Shapiro: ‘My life as a political cartoonist’
21st century life
Jonathan Shapiro, better known as Zapiro, is South Africa’s top political cartoonist. At the age of 50 he has been awarded two honorary doctorates, a string of international awards and has been sued for R15 million (£1m) by president Jacob Zuma. In Johannesburg, Shapiro – a name which once landed him in jail – told David Beresford that his passion for cartoons dates back almost to the time he learned to walk.
“I applied for a Fulbright scholarship to the School of Visual Arts in New York and got it. I then decided I would hold a big exhibition, at the Baxter Theatre in Cape Town. On the night of the day that the exhibition came down the Branch came around and hauled me off to Pollsmoor Prison.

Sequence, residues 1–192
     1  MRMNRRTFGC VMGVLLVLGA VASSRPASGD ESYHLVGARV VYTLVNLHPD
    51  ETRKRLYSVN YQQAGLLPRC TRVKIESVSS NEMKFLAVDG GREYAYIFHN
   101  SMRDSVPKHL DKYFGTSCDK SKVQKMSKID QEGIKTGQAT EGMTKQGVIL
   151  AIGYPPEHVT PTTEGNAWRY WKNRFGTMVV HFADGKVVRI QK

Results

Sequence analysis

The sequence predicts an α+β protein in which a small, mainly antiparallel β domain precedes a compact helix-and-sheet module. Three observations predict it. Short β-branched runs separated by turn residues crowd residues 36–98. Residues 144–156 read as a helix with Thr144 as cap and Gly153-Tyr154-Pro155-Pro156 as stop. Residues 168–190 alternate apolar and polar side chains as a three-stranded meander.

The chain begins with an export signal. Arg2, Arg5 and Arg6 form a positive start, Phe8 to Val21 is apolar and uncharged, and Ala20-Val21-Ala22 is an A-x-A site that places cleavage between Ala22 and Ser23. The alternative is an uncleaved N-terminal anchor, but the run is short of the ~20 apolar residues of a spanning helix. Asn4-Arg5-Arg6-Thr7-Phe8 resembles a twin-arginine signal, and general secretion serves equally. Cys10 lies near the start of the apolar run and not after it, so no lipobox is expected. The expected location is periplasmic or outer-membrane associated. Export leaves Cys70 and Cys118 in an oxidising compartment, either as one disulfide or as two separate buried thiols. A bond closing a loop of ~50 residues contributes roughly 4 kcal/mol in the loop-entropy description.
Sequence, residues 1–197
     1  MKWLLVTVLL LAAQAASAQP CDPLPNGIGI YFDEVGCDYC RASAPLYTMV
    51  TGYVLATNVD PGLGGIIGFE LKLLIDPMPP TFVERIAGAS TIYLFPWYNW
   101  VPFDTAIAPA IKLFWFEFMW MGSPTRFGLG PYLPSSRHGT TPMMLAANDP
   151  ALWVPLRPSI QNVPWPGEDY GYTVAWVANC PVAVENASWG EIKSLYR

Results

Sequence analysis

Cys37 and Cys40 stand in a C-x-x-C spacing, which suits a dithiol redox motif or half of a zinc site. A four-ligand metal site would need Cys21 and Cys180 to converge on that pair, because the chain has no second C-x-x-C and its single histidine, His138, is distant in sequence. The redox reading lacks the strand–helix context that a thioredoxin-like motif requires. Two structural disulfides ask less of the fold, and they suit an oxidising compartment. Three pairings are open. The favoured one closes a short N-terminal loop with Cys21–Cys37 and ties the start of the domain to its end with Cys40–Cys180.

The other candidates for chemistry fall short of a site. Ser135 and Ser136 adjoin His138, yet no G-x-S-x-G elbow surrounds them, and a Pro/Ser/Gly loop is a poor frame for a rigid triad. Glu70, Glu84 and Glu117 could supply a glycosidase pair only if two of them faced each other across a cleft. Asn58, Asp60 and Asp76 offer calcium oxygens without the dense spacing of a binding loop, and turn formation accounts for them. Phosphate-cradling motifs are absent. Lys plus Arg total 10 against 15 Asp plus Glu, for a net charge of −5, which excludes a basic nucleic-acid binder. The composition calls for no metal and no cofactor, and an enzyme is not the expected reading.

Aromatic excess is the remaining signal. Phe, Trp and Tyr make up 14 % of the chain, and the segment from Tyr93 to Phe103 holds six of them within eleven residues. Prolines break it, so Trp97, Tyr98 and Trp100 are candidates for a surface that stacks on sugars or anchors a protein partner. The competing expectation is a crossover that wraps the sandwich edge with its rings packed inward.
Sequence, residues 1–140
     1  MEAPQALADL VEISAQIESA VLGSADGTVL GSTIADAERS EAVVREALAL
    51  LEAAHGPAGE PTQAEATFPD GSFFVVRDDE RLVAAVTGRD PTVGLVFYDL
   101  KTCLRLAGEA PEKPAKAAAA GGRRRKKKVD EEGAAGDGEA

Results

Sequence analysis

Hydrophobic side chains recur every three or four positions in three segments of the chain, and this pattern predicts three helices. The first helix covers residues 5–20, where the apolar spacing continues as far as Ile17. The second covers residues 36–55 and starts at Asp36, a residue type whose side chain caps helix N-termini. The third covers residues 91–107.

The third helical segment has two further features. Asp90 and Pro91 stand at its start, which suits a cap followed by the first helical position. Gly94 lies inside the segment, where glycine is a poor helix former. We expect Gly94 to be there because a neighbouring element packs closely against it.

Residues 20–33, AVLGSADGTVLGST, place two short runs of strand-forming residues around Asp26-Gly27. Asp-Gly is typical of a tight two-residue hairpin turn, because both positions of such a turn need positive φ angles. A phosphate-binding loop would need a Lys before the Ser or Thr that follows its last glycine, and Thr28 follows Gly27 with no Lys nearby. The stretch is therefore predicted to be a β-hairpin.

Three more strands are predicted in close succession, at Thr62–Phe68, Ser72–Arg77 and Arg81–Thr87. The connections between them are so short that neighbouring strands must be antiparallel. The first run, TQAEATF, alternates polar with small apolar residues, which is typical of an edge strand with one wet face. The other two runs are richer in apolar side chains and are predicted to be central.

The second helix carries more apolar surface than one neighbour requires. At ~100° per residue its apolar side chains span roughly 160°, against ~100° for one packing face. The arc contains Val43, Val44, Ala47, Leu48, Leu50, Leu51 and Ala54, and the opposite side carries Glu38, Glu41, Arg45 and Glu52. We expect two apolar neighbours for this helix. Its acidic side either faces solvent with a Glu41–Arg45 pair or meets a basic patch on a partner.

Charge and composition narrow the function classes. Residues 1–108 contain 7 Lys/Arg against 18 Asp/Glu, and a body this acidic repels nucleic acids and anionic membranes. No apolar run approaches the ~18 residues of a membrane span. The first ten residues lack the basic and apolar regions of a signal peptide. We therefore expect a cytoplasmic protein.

“This was in 1988, early July, at the time of the Mandela 70th birthday celebrations, the huge party at Wembley Stadium. There was a Mandela birthday committee to organise things here in South Africa. I only put two and two together during my first interrogation – I suddenly realised they thought I was on the Mandela birthday committee. I was an activist, but I wasn’t on the committee. They’d mixed me up with another Shapiro.
“I was taken to interrogation. I refused to answer any questions and was put in solitary for five days. I was lucky, I’m sure solitary can affect you badly if you’re in a bad space, but I was feeling mentally strong.
“They did release me in time to take up the Fulbright and I went to New York and there I studied under Will Eisner (one of the absolute greats); Harvey Kurtzman, who started Mad magazine; and Art Spiegelman, who did Maus, on the Holocaust, for which he got the Pulitzer prize for literature. He was the progenitor of the true graphic novel.”